top, or perhaps cross at a narrow section.
Up this high in the valley the French Creek was pretty small, and
a quick jump and we all made it across without getting to wet. We
began our scramble up the side. Randy's shoe was holding up, and
apparently the duct tape was not to slippery on the surfaces which
were smooth. we were probably around 1/2 to 2/3s of the way up the
valley when it started to rain. I felt pretty comfortable going up
dry, even with Randy's shoe but in the rain we decided it would be
to treacherous to continue up. So it was that we turned back.
The hike down from the pass was pretty quick, after we went
down part way, Chris went on a head with the camera and took a picture
back up at Randy and myself. (I'll update the page with pictures,
once Chris gets them scanned in and sent to me). Randy and I actually
ended up sliding down at the edge of our glacier being careful not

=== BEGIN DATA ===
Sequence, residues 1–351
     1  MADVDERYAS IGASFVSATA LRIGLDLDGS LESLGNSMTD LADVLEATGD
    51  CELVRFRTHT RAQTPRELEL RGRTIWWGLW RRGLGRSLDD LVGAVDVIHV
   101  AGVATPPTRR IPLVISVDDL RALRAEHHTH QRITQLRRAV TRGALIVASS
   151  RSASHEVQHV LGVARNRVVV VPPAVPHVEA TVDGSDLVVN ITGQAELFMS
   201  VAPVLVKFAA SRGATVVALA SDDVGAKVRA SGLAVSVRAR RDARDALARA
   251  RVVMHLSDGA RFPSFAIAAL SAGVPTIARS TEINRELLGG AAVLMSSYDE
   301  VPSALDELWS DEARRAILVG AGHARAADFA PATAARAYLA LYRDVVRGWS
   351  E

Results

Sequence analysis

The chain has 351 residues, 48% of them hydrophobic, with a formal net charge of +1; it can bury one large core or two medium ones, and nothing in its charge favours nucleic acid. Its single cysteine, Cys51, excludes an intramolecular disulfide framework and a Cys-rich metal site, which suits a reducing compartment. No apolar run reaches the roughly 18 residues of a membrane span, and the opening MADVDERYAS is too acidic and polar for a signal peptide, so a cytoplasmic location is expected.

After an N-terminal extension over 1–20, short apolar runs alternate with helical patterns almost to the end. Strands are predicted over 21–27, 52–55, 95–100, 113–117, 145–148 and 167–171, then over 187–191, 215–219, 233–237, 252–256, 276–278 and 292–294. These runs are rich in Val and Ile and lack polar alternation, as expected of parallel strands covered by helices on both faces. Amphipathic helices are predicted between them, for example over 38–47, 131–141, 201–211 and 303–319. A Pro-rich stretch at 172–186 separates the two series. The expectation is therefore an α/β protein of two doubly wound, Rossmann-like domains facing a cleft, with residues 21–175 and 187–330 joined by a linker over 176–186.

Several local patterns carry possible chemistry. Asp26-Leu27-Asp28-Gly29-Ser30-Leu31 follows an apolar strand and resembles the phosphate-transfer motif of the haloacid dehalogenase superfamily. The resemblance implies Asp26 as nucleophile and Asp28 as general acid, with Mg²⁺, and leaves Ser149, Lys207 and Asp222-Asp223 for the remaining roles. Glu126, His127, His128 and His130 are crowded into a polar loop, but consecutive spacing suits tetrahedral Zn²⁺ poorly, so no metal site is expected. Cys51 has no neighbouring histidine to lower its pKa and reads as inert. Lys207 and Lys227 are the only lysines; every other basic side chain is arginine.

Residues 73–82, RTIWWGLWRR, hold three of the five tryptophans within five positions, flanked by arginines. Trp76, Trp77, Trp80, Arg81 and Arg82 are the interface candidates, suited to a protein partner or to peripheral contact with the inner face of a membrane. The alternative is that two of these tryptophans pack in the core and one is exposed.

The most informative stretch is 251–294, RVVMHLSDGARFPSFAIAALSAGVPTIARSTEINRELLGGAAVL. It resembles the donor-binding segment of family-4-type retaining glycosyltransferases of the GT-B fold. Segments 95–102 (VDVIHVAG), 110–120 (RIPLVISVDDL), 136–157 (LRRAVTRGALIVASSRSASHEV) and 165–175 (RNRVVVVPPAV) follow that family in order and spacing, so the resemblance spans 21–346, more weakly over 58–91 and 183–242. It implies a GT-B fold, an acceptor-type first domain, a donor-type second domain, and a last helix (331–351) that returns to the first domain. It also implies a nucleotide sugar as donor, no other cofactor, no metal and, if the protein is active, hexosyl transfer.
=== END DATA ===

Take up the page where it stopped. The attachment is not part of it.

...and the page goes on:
more than a few feet out into the snow field. The time was now
approaching 4:30 - 5:00 or so, past our turn around time, but giving us
more than enough time to get down in light.
On our way down we made it to one of the falls which we missed on the
way up. (pictures forth coming). Here Chris and I crossed the stream,
which is now Shin deep, pretty fast and cold. Continuing on, we are
not on the same trail we came in on but one of the forks. We do
end up coming out on the 'real' French creek trail according to my book.
Ironically this required us to ford the creek again as the old bridge was
washed out. However after this the trail is definitely what was once
a well traveled road, and is not possible to loose. We ended up stumbling
to the trail head around an hour later, with the first hike of the
Now that we completed our hike, we decided to read about French
Creek trail in the car ride back to camp.
One of the very first thing the book mentions is
"Thouse inoccent looking snow fields have snared quite a few people,
including a ranger fortuitously accompanied by two search and rescue
experts. Rather than freeze to death down a cravasse, I suggest spending
more times enjoying the water falls" - Gillean Daffern, Kananaskis
country trail guide. I agree.
Expect this page to be updated with pictures... Chris took some,
and he promised to get me some digital versions